Editor’s note: This is the first of a three-part series, featuring an interview scheduled to air Sunday, June 9, on Liberty Nation Radio with George Papadopoulos, former Trump campaign operative and author of Deep State Target: How I Got Caught in the Crosshairs of the Plot to Bring Down President Trump.
“This is what happens when you work for Trump.”
Those were the sneering, chilling words uttered by an FBI agent to George Papadopoulos when the Trump campaign operative was seized and arrested by federal authorities at Dulles Airport outside of D.C. in July 2017. The young foreign policy analyst thus became ground zero for the infamous international espionage theory that Donald Trump conspired with Russia to steal the 2016 presidential election.
. Papadopoulos became the patsy in a nefarious plot from the shadowy depths of the deep state involving secret intelligence operatives, sinister foreign agents, fake professors, phony influence peddlers, clandestine meetings, mysterious cash payments — and constant threats to thwart the election, and then the presidency, of Donald Trump.
After being snared — and then imprisoned — as a prime target in the subsequent special counsel investigation that hamstrung the Trump presidency for two years and Balkanized the nation, Papadopoulos has just authored Deep State Target: How I Got Caught in the Crosshairs of the Plot to Bring Down President Trump. He joined Liberty Nation Radio for an in-depth interview (airing Sunday, June 9) in which he bares his soul and describes in detail how he became a central figure in arguably the greatest scandal in American history.
Tim Donner: So let’s start at the beginning of this incredible saga. You’re 28 years old. It’s 2015, and after you’ve worked for a while as a foreign policy and world energy analyst in D.C. for think tanks like the neoconservative Hudson Institute among others, you joined the Trump campaign. Trump is highly controversial but he’s winning, and despite being warned by others you say to yourself, “What’s the worst that could happen?” Well, you were soon to find out.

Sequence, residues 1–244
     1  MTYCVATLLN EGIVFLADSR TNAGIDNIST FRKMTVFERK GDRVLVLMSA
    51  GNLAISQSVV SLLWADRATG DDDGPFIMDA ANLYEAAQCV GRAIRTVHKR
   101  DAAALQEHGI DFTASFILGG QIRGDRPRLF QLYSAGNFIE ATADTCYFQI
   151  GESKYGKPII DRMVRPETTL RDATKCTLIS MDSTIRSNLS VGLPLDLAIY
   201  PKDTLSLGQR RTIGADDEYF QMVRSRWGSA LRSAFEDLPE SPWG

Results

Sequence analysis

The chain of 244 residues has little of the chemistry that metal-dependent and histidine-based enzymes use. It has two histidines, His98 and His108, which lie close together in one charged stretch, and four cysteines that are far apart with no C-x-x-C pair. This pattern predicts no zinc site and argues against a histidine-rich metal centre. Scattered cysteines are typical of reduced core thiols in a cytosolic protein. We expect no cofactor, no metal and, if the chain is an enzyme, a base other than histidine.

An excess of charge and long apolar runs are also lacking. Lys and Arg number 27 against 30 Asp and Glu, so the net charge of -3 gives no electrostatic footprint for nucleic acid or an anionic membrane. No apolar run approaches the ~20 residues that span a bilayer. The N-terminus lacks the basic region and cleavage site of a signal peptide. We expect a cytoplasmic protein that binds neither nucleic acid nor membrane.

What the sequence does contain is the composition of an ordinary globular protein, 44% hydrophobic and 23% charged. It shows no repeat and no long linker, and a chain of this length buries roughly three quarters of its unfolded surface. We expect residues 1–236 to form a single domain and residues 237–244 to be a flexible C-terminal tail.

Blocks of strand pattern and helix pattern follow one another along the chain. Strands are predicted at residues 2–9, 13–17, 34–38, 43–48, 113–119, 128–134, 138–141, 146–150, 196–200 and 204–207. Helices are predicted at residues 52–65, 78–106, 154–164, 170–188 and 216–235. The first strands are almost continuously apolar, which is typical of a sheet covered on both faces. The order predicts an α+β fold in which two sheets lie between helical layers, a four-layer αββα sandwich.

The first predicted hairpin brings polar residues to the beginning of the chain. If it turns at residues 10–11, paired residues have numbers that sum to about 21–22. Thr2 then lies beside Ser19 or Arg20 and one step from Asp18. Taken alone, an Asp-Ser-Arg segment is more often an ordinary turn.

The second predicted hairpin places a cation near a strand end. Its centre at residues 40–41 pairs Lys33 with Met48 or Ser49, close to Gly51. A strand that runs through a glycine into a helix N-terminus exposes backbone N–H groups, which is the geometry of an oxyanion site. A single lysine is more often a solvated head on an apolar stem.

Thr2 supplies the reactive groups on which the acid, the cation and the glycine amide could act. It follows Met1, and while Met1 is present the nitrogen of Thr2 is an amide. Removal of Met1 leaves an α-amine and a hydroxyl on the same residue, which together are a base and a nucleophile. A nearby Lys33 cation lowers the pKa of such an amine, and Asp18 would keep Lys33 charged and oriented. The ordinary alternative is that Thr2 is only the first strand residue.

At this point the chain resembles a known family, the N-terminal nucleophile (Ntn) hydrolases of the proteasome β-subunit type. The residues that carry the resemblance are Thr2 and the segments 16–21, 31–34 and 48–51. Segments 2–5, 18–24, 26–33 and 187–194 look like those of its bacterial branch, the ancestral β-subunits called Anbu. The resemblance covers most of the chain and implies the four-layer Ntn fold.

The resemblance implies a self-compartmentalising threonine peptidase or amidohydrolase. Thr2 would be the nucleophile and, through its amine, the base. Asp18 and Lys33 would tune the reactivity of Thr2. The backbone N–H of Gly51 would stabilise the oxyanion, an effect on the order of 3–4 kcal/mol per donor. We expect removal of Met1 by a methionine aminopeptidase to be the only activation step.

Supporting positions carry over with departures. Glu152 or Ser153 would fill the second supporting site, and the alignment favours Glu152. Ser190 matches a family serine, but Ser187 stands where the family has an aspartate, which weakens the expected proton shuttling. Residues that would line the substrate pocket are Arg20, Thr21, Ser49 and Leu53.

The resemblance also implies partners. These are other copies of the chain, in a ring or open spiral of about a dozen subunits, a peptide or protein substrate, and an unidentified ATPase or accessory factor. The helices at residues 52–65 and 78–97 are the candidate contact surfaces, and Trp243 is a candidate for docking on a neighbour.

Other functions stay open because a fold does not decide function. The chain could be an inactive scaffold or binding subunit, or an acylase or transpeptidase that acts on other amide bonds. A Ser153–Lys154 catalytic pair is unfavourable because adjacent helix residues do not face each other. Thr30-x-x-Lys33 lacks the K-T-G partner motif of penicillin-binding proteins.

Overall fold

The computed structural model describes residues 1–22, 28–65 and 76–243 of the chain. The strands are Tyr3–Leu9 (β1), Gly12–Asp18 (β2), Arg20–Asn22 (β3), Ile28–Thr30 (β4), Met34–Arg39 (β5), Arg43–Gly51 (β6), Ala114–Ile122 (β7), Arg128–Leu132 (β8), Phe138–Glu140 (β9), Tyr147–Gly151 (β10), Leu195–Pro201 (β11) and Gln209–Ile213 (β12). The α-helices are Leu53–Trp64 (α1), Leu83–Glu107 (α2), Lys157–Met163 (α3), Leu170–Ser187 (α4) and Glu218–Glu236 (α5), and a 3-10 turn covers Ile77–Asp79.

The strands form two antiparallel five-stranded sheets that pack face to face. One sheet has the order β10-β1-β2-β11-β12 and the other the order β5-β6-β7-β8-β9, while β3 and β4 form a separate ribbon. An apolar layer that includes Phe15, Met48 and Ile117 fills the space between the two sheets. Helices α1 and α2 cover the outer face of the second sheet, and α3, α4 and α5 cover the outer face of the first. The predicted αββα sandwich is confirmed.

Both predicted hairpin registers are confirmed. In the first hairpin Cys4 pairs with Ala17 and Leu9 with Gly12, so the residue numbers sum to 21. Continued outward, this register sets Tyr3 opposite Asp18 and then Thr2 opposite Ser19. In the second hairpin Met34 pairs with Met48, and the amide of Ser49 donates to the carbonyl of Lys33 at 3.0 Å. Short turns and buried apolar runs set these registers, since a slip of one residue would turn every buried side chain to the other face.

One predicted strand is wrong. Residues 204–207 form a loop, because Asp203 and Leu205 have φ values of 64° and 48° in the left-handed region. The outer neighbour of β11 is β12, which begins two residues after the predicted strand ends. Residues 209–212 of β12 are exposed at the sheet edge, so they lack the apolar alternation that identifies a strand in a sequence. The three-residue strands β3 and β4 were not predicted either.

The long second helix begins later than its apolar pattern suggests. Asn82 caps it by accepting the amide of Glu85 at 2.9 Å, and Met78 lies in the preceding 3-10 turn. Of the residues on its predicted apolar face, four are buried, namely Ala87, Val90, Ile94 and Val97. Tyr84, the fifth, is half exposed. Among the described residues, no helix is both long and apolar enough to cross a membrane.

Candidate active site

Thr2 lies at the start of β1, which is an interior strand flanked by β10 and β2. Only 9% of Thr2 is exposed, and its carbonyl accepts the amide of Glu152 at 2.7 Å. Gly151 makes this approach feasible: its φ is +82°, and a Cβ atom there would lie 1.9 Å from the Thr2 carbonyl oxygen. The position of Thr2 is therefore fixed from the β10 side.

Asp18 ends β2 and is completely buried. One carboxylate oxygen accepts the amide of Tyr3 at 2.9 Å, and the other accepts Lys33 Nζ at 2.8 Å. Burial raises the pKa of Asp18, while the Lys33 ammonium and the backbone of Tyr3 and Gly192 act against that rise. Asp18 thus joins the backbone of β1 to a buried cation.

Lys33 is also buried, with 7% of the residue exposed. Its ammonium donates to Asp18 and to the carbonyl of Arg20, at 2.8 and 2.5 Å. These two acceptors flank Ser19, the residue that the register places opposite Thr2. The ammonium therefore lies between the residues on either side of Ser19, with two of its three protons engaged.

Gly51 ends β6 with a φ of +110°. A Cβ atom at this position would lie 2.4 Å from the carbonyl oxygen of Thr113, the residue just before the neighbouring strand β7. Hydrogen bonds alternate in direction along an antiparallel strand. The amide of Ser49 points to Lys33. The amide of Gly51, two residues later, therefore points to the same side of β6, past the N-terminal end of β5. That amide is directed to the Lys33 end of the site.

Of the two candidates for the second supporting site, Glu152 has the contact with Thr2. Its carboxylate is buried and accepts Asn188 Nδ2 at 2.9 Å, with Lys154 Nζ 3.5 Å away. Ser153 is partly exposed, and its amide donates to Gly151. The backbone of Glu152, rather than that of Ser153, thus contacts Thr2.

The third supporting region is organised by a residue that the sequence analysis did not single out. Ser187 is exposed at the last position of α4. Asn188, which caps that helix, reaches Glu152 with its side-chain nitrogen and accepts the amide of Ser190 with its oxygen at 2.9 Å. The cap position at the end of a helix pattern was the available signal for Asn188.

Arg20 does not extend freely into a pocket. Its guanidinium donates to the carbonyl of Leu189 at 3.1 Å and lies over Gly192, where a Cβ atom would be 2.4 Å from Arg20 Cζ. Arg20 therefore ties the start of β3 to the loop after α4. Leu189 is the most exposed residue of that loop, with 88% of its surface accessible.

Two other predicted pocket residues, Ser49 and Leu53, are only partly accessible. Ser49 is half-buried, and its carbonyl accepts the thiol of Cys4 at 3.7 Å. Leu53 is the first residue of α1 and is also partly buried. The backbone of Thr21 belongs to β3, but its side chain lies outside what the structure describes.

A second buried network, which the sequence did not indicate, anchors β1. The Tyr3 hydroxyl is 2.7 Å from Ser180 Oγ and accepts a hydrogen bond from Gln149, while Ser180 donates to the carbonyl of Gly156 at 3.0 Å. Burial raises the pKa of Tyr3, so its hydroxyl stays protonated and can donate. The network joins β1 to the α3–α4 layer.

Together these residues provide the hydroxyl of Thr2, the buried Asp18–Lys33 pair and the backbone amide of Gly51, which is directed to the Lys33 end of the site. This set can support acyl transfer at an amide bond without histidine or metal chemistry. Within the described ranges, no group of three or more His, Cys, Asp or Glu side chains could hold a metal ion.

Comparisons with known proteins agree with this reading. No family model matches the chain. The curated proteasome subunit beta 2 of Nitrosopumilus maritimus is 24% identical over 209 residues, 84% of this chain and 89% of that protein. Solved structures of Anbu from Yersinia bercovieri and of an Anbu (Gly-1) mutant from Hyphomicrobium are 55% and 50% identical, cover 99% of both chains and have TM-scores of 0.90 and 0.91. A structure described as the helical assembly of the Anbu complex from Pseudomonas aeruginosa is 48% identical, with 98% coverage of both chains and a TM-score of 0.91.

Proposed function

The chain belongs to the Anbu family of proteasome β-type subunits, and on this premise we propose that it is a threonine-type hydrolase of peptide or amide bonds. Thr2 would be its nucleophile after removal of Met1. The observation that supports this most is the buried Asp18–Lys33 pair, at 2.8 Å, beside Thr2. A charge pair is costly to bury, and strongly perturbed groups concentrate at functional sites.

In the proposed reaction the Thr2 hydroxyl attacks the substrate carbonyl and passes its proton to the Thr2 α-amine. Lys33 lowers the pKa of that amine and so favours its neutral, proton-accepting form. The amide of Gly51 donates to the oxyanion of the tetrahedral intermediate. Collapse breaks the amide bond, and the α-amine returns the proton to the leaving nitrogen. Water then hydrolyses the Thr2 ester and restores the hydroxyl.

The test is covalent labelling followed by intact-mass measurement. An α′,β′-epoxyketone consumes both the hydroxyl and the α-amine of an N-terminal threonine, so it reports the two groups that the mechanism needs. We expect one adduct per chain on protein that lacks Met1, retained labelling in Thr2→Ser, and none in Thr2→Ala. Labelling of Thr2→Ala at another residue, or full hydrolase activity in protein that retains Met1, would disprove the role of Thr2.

You’re in Rome, where you’re introduced to a man claiming to be connected to the highest levels of governments across the world, the soon-to-be-infamous professor from Malta, Joseph Mifsud. You say in the book that you thought you were living a dream, but you now wonder in hindsight whether it was just the type of approach that’s taught in espionage school. Describe how Mr. Mifsud approached you, how he represented himself, and the nature of your interactions.
George Papadopoulos: Sure. That’s a great point that you made about this professor because he is at the epicenter of probably the greatest and most pernicious spying scandal in American history, because clearly I was the one who was witnessing these events, and it was clearly a set-up. And Joseph Mifsud was introduced to me by a director at a company I used to work for in London called the London Center for International Law Practice. This was a company that was affiliated with some of the most prominent attorneys in the world and Western diplomats, and I was working as a director in their energy department.
I told them, “I’m leaving and I’m going back to Washington. I’m going to be joining the Trump campaign,” and they were furious. As soon as I said that to them, their antenna started to spike. I didn’t understand that this organization in London I worked for obviously had some connections to the FBI, too. A woman named Arvinder Sambei, who actually worked directly with Bob Mueller after 9/11, she told me, “Why don’t you go to Rome and meet some important people who are going to help you on the Trump campaign?”